Grace's Guide To British Industrial History

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Grace's Guide is the leading source of historical information on industry and manufacturing in Britain. This web publication contains 163,173 pages of information and 245,641 images on early companies, their products and the people who designed and built them.

Grace's Guide is the leading source of historical information on industry and manufacturing in Britain. This web publication contains 147,919 pages of information and 233,587 images on early companies, their products and the people who designed and built them.

McIntyre, Hogg, Marsh and Co

From Graces Guide
1949. Radiac.

of 60-63 Aldermanbury, London, EC2. Telephone: Metropolitan 0981-82-83. Cables: "Makog. Cent., London" Also of Manchester (1947)

Maker of Radiac shirts, collars, and pyjamas.

Mid-1800s. Shirtmaking became an important industry when three pioneers appeared - Peter McIntyre, William Tillie and Joseph Welch. Peter McIntyre was born in Paisley, Scotland in 1819, and in 1844 joined his brother-in-law, William Thompson, to found a shirt wholesaling business with connections in Glasgow and Londonderry, Northern Ireland.

1850 Peter McIntyre moved permanently to Londonderry and eventually broke with his existing partner.

1855 He entered into a lasting association with Adam Hogg; forming McIntyre and Hogg. Adam Hogg was also a Scot who went to Londonderry as a manager for the shirt manufacturers Tillie and Henderson and, for a short time, he was also with Welch, Margetson and Co, another shirt manufacturer. With two experienced men in control, expansion was swift, and it became necessary to hold stocks of shirts in London; with a warehouse opening at 9-10 Addle Street, EC2.

Although, in Londonderry, the cutting of the shirts and some sewing was done in a Factory, the greatest part of the work was done in countless homes and collected weekly from the out-stations.

1857 The centralised factory system came with the introduction of sewing machines, which McIntyre and Hogg took up that year. This enabled more people to be employed centrally and soon the original factory became too small to accommodate the growing firm.

1861 The partners embarked on an ambitious project for a new factory in Londonderry.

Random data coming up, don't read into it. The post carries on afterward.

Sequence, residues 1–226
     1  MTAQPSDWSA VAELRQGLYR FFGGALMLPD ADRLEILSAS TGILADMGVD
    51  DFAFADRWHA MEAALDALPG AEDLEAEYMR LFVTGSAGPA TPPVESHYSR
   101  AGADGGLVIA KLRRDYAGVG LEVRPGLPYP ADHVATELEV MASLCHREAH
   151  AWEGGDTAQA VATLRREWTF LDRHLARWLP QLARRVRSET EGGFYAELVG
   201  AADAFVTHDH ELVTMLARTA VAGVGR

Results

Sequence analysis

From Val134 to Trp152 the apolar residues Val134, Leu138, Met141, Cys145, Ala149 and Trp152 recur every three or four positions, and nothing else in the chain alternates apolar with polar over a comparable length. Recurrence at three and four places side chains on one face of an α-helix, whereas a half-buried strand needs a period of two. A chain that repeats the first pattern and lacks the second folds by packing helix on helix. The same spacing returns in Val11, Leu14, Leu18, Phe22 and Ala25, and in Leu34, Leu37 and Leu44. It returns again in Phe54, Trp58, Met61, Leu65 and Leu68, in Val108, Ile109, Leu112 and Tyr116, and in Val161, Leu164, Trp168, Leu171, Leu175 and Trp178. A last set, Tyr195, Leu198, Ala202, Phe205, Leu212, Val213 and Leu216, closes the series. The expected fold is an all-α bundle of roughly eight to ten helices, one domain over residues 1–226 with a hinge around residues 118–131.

1863 The new factory, known as "City Factory", was opened.

Late 1860s. Soon after McIntyre and Hogg was founded, the need was felt for a factory in London, so premises were taken at Copperfield Road, Mile End.

1868 Henry Powell (1848-1929) joined the business and moved to Spa Factory, Mile End, in 1871.

1872 A factory was opened in Bristol and transferred to Cheddar in 1873.

1870s The firm was employing 600 workers in the City Factory, Londonderry, and more than 2,000 workers in Derry and the surrounding area.

With settled conditions at home and abroad, the 1870s and 1880s were a boom period and the firm's home trade was reinforced by the extension of export markets (Australia, South Africa and the East and West Indies). To meet this growing demand, the Cheddar branch was enlarged - by this time it was known as the Taunton Manufacturing Co.

1882 A fine new warehouse was built in Basinghall Street, London (lasting until it was destroyed in the blitz during the Second World War).

1884 Two new partners were admitted, J. P. McIntyre (Peter McIntyre's eldest son) and H. J. Marsh, joint managers of the London Warehouse.

1891 The name of the business was changed to McIntyre, Hogg, Marsh and Co.

1904 A new London factory was built at Upton Park, London E13 ,to replace Spa Factory in Copperfield Road. The early part of the 20th century was again one of consolidation and expansion, with mass production centred on the Londonderry, London and Taunton factories. In 1901, the factory space of "City Factory" had been doubled, taking the workforce up to over 800.

1907 The trade name Radiac was introduced.

1908 A limited company was formed as "McIntyre, Hogg, Marsh and Co Ltd".

WWI: During and after the War, controls were imposed on the industry; and the shirt trade, like many other businesses, went through a major recession. But progress was made steadily and the fashions demanded by the "bright young things" of the 1920s were met just as readily as those of their fathers and grandfathers. During this period, H. F. Powell (1876-c1974), Henry Powell's son, was controlling the Londonderry and Taunton factories, and it was he who nursed them through the Second World War years, ensuring that shirts for the forces were turned out in ever increasing quantities.

1931 Robert Henderson (1913-1988), H. F. Powell's nephew, was apprenticed to the firm in Londonderry.

After being in the army during the Second World War, he returned to City Factory, Londonderry to become manager and then became Production Director.

1947 British Industries Fair Advert as Manufacturers of Radiac Quality Shirts, Collars and Pyjamas. Producers of Shirtings. (Textiles Section - Earls Court, Ground Floor, Stand No. 360) [1]

1960 The firm was taken over by the English Sewing Cotton Co.[2]

1964 McIntyre, Hogg, Marsh and Co was merged with another of its subsidiaries, Tootal, and closed the Selsdon Road factory, but retained the better known Tootal name.

See Also

  • [1] 'West Ham: Industries', A History of the County of Essex: Volume 6 (1973), pp. 76-89
  • [2] History of Shirtmaking in Northern Ireland

Sources of Information

  1. 1947 British Industries Fair Advert 251; and p175
  2. The Times, November 25, 1960